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Final hurdle lifted for women to be made bishops in Church of England

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Reverend Vivienne Faull of York was one of Britain's first women priests. Photo credit: Christopher Furlong/Getty Images

Reverend Vivienne Faull of York was one of Britain's first women priests. Photo credit: Christopher Furlong/Getty Images

Getty Images

Reverend Vivienne Faull of York was one of Britain's first women priests. Photo credit: Christopher Furlong/Getty Images

The Church of England has cleared the way for women to become bishops for the first time.

The Anglican General Synod's made history with a simple change to canon law approved by an overwhelming majority with just a show of hands at its London meeting.

The watershed comes 20 years after the first women were ordained as Church of England priests.

It is anticipated that the first female bishop could take her seat as early as next year.

The change sees the addition of a sentence to Canon 33, which reads: "A man or a woman may be consecrated to the office of bishop."

The Very Rev Dr Jane Hedges (58), dean of Norwich, is the bookies' favourite to become the first woman bishop.

Ladbrokes has offered 3/1 for the former canon steward of Westminster Abbey and archdeacon of Westminster.

She leads the Ven Rachel Treweek, archdeacon of Hackney (6/1), and the Very Rev Dr June Osborne, dean of Salisbury Cathedral (8/1).

Synod member Christina Rees, who has campaigned for women in the church and female bishops for almost 25 years, said it was a "truly historic moment", but said it was a pity that it was received in "dignified silence".

She said: "I thought we might actually manage a bit of a cheer and applause for what, after all, the church has been asking for for a number of years.

"We know the vast majority of people in the Church of England just simply can't understand why it has taken so long. "But we are here, we have done it, it is very good news."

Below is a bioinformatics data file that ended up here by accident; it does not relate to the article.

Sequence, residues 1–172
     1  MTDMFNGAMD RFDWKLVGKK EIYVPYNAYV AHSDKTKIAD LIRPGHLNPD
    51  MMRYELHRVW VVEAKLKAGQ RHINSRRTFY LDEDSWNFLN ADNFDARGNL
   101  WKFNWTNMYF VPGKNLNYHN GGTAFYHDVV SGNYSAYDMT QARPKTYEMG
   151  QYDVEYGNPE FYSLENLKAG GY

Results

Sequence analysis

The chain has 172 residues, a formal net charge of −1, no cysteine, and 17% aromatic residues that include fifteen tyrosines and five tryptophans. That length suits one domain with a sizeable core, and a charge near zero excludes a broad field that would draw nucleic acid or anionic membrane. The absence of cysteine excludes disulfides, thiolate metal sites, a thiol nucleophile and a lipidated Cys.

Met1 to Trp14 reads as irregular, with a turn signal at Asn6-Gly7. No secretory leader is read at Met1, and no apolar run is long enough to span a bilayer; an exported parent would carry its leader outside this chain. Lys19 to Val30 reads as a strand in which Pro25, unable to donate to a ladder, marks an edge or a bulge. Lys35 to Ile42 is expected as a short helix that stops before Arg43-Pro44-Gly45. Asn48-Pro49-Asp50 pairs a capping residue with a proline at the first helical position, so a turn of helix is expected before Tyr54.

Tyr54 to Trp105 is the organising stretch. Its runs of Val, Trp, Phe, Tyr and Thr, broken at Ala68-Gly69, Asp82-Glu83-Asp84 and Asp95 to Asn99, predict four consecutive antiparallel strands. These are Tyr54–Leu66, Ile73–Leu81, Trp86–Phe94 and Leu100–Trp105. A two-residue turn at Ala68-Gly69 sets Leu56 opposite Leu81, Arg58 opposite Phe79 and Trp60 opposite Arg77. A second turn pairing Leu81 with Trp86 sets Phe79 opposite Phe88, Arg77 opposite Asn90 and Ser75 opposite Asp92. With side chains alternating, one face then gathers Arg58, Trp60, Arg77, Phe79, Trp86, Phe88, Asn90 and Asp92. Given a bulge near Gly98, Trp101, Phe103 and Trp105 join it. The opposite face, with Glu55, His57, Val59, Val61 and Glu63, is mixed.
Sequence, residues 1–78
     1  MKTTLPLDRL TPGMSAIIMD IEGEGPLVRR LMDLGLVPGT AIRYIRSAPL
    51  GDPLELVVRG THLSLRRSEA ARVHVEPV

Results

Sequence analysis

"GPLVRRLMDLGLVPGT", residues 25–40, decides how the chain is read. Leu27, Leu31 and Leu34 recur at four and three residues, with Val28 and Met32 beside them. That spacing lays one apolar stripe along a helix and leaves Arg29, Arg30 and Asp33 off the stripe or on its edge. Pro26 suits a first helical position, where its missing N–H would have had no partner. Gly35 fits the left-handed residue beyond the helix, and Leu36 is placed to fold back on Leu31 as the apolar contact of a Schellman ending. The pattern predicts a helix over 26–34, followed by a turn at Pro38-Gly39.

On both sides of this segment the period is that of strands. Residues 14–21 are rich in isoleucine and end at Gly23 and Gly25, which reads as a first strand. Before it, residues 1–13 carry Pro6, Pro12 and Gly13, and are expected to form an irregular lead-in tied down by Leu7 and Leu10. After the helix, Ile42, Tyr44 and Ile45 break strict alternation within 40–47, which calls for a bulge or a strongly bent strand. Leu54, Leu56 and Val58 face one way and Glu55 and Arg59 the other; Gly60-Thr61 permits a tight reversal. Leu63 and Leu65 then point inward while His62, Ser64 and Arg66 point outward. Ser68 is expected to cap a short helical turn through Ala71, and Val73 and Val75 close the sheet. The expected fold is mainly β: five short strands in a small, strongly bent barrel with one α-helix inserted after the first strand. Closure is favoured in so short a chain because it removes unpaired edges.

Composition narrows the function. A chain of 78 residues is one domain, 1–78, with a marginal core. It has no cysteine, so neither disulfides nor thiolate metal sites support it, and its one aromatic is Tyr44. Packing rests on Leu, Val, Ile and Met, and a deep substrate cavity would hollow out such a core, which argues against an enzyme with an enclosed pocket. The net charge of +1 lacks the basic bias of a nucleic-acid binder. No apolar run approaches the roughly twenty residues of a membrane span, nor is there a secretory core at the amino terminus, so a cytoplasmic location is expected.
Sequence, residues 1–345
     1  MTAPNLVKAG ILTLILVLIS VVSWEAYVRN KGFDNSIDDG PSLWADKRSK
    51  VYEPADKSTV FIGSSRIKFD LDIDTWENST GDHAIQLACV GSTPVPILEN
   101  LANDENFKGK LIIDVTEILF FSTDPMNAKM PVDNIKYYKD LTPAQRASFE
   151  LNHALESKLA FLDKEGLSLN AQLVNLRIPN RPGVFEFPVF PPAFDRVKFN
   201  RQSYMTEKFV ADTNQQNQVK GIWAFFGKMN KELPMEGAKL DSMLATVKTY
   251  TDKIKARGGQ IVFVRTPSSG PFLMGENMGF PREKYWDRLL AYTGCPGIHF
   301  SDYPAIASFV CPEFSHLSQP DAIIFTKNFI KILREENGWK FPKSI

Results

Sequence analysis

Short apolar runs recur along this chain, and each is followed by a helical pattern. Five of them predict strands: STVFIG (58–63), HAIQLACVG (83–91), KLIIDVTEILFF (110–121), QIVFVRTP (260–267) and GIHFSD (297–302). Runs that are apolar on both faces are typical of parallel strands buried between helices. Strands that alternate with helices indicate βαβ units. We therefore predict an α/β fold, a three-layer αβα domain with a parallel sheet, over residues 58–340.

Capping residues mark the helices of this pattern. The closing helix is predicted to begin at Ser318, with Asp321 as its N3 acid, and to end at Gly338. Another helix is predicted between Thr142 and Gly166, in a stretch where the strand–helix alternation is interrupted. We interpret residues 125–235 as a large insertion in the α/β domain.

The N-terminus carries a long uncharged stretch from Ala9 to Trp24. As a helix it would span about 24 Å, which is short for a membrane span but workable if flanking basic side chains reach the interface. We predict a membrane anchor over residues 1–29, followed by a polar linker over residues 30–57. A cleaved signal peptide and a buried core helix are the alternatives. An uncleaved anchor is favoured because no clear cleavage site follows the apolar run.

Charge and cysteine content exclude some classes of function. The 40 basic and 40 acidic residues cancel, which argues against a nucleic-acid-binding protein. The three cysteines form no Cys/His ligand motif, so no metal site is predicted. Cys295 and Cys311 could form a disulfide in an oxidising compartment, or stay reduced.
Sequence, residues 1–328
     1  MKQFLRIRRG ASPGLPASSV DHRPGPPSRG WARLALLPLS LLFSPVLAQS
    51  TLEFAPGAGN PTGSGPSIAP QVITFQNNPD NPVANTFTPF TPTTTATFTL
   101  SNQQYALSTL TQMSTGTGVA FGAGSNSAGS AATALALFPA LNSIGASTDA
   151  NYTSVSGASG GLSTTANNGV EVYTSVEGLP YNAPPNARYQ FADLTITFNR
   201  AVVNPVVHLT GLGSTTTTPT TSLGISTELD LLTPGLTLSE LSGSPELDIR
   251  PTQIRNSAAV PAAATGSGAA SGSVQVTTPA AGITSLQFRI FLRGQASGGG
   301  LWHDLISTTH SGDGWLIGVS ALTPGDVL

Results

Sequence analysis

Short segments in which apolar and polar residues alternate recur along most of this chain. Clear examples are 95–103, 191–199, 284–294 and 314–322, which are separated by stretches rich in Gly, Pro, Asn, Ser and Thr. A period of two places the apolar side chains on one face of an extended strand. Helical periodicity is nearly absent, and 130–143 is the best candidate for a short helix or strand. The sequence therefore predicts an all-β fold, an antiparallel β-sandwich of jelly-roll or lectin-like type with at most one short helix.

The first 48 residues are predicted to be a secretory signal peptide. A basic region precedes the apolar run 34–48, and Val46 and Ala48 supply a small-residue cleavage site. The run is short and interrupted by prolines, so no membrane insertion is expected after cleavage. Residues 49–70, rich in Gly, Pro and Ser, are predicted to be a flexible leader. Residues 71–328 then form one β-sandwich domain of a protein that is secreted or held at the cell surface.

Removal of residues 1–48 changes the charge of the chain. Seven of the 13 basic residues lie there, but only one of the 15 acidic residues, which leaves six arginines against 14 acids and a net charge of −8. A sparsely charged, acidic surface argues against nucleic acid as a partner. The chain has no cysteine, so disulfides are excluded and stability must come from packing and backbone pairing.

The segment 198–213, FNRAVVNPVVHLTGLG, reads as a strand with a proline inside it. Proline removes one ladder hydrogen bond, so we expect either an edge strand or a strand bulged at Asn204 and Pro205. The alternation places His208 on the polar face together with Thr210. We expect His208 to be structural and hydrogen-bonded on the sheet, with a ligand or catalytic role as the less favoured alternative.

She echoed what the Archbishop of Canterbury said regarding the time scale of women making up a significant percentage of senior posts.

Other leading candidates include the Very Rev Vivienne Faull, dean of York Minster.

Along with gay marriage, the issue of women bishops has dominated religious debate in recent years.

The first women were ordained in the Church of England in 1994 and they now make up about a third of clergy.

The plan to allow them to stand as bishops was derailed by just six votes cast by lay members in November 2012, causing shock and bitter recriminations within the Church of England and prompting threats of an intervention by Parliament.

The General Synod overwhelmingly backed legislation introducing the first women bishops in the Church of England in July and yesterday's vote rubber-stamped the move.

The Archbishop of Canterbury the Most Rev Justin Welby said the church was starting "a completely new phase of our existence".

Speaking to reporters after the vote, he said: "It has taken a very, very long time and the way is now open to select people for the episcopacy, to nominate them on the basis simply of our sense that they are called by God to be in that position without qualification as to their gender."

He said that half of bishops could be women within 10-15 years.

"It depends how quickly people retire or die - I rather hope they retire and have a long and healthy retirement," he said.

"It has got to be 10 years, allowing for the fact that men will be nominated to some sees as well, and it could be longer. "We are working very, very hard on training and development of people, men and women, for senior posts in the church."

Irish Independent